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Low Interest Rates Not Good News For All

ROBERT SIEGEL, host:

From NPR News, this is All Things Considered. I'm Robert Siegel.

MELISSA BLOCK, host:

And I'm Melissa Block. Mortgage rates are the lowest they've been in a generation, even the indexes behind many adjustable-rate mortgages are way down. For potential buyers and homeowners who can refinance, this is welcome news. But for owners in the biggest trouble, great rates aren't enough to solve their problems, as NPR's Tamara Keith reports.

TAMARA KEITH: In recent weeks, mortgage applications have risen sharply, and the bulk of those applications came from people refinancing their loans. Interest rates are right around five percent, and for some, getting a new cheaper mortgage will mean a savings of hundreds of dollars a month. It's prime time to refinance if you can, says Guy Cecala, publisher of Inside Mortgage Finance.

Mr. GUY CECALA (Publisher, Inside Mortgage Finance): Generally, the people who are going to find it easiest to refinance are the ones with equity in their house, good credit profile, and not the majority of borrowers out there. Certainly, it's not going to do much to help the borrowers who are facing foreclosure.

KEITH: And these low interest rates aren't going to do anything for the 18 percent of homeowners who are now under water on their loans. According to data from First American Corelogic, as of November, 7.6 million households owed more than their homes were worth.

Mr. LENARD DARSEY(ph): Our house was worth $246,000 at one time, and it's $172,000 now.

KEITH: Lenard Darsey lives in Arvada, Colorado with his wife and teenage daughter. About three years ago, they were in a tough spot and they refinanced their home to pull a little equity out and pay some bills.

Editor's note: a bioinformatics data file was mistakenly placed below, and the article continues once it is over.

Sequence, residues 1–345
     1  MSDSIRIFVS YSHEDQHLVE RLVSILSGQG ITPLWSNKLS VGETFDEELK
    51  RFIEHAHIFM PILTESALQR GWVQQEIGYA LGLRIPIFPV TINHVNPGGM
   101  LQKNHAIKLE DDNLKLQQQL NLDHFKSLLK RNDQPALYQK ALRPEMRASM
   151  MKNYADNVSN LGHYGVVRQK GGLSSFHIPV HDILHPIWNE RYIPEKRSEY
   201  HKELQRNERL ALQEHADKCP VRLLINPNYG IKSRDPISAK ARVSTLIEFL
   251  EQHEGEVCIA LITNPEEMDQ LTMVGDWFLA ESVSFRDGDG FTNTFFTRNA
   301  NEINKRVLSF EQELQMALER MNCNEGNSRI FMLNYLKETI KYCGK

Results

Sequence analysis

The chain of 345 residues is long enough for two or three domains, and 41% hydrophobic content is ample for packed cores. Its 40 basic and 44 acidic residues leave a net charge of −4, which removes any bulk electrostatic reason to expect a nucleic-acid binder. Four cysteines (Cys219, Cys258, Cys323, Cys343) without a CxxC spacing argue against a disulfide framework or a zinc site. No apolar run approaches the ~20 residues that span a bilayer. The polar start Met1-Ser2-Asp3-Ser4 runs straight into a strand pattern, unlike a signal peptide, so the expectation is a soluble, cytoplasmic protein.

Mr. DARSEY: I asked for a fixed rate-loan and was told I couldn't and - said don't worry about it, in a couple of years you'll be able to refinance. Well, we all know now that that isn't true.

KEITH: Now Darsey is stuck in an adjustable-rate mortgage paying nine percent interest. He and his wife have good jobs and good credit scores, and all they can do is look longingly at five percent interest rates on 30-year fixed mortgages. No one will give them a loan because they owe $50,000 more than their home is worth.

Mr. DARSEY: I am on the Titanic watching it sink. I don't even have a life boat. I'm with the band. One last time, guys.

KEITH: There's a small consolation for Darsey and others in his position. It's possible his monthly payment will come down a bit because the interest rates that most adjustable loans are indexed to are falling. Again, Guy Cecala.

Mr. CECALA: Prime rates low, all the indexes on mortgages are low. They're certainly as low as you could expect them.

KEITH: Michael Devlin is a mortgage broker with George Mason Mortgage. His own home is financed with an adjustable mortgage tied to rate known as the LIBOR.

Mr. MICHAEL DEVLIN (Mortgage Broker, George Mason Mortgage): Right now if my mortgage recasts, my interest rate will drop. The low - lower interest rates in the T-bills, the LIBORs, those are all going to have a positive effect as long as they stay down low.

KEITH: Devlin's interest rate has already dropped once. But for some people, falling interest rates won't be enough to save their homes. During the boom years, hundreds of thousands of people got subprime loans that had teaser interest rates. Those lower rates were locked in for two, three, five years. Some borrowers didn't even have to pay down their principal during those years, but when the introductory period ends, payment shoot up. Paul Lenard with The Center for Responsible Lending says lower interest rates aren't going to be enough to offset what happens when teaser rates end.

Mr. PAUL LENARD (The Center For Responsible Lending): The lower interest rates are going to provide a small amount of relief for a small number of borrowers but it's not going to address the imminent wave of foreclosures that's still coming down the road.

KEITH: So when it comes to falling interest rates, it seems the people in the biggest jam may be out luck. Tamara Keith, NPR News, Washington. Transcript provided by NPR, Copyright NPR.

NPR transcripts are created on a rush deadline by an NPR contractor. This text may not be in its final form and may be updated or revised in the future. Accuracy and availability may vary. The authoritative record of NPR’s programming is the audio record.

Tamara Keith has been a White House correspondent for NPR since 2014 and co-hosts the NPR Politics Podcast, the top political news podcast in America. Keith has chronicled the Trump administration from day one, putting this unorthodox presidency in context for NPR listeners, from early morning tweets to executive orders and investigations. She covered the final two years of the Obama presidency, and during the 2016 presidential campaign she was assigned to cover Hillary Clinton. In 2018, Keith was elected to serve on the board of the White House Correspondents' Association.